Highlights included this year's Danish Pavilion (pictured above and top), which explored the circularity of water, and Wooden Framing, an exhibition at the US Pavilion about the American timber industry.

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Mathieu Lehanneur

5. Design Miami/Basel

The art world finally got its mojo back in September, with the vast Art Basel fair taking place in Switzerland after a hiatus in 2020. The attendant Design Miami/Basel collectors fair proved to be the fifth most popular event among our readers.

Projects this year included a series of 3D-printed vessels representing population data from 140 countries by designer Mathieu Lehanneur (pictured).

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Extraperlo by Jorge Penadés

6. Madrid Design Festival

The Spanish capital has hosted this event each February since 2018. The 2021 event was a virtual affair but that didn't stop it from being one of the ten most popular listings this year.

In 2019, highlights included Extraperlo (pictured), an exhibition curated by designer Jorge Penadés in which he invited 14 international designers to create objects no larger than a shoebox.

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A New Normal by Finding Infinity

7. Melbourne Design Week

Exhibitions at Australia's leading design week this year included a proposed $100 billion zero-carbon strategy for Melbourne "that would pay for itself in less than 10 years" (pictured) and a show exploring designers' side hustles.

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Ty Williams chairs

8. NYCxDesign

New York City's flagship design event shifted from May to November this year due to the pandemic, meaning it hadn't even taken place when this article was published, yet still made it into our top ten.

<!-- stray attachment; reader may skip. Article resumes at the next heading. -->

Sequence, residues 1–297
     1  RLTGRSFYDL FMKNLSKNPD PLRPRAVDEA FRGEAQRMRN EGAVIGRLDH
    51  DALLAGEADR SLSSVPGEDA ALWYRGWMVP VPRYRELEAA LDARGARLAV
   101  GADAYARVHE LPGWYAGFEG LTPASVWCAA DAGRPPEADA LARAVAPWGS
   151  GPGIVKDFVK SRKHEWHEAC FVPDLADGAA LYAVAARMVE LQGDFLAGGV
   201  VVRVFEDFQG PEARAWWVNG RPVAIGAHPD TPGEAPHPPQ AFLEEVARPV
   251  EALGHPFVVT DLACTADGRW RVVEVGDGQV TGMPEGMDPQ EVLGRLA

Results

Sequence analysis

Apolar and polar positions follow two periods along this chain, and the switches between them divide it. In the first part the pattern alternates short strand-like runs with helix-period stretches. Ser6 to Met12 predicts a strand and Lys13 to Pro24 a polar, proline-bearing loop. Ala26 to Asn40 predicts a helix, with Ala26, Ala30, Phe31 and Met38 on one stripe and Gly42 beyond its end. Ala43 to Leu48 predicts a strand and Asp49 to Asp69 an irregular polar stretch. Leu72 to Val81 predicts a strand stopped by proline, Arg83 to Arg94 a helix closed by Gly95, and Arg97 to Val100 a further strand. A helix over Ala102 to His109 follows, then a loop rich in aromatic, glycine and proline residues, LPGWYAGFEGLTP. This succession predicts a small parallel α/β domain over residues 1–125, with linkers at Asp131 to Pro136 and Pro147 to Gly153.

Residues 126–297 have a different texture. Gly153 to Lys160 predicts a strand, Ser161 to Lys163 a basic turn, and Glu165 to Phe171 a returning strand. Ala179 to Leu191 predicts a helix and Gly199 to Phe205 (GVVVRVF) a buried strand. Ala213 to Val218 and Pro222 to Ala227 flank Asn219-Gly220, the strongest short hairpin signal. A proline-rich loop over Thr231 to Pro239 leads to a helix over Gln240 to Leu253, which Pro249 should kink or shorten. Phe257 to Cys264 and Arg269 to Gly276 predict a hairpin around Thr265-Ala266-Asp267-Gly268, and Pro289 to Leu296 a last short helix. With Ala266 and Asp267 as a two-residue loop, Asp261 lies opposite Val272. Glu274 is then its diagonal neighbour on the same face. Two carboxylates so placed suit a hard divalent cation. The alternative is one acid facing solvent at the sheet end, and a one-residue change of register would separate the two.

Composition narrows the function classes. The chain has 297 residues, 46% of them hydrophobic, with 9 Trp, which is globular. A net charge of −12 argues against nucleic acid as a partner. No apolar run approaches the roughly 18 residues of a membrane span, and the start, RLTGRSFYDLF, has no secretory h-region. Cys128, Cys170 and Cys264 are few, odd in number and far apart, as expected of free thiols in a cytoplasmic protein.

In 2019, mixed-media artist Ty Williams illustrated a set of chairs by Fort Standard (pictured) with his trademark coastline-informed shapes.

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Technicolour curtains and fabrics by Peter Saville

9. 3 Days of Design

Copenhagen's mini design festival was one of the few to take place physically last year having moved to September last year from its regular slot in May. The event is seen by many as a blueprint for the future since it is small in scale, allows people to enjoy the city and is not anchored by a big trade show.

This year's festival once again offered the design crowd one of the first chances to network after the latest lockdowns. Highlights included the launch of Peter Saville's fabric collection for Kvadrat (pictured). Dezeen participated in the launch, streaming a live interview with the designer.

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Tom Dixon hologram

10. Stockholm Design Week

Scandinavia's biggest design celebration was a cut-down affair this year, with modest showroom events alongside digital initiatives including a virtual video studio designed by ASKA. British designer Tom Dixon got around Covid-related travel restrictions by appearing at the festival via a hologram (pictured).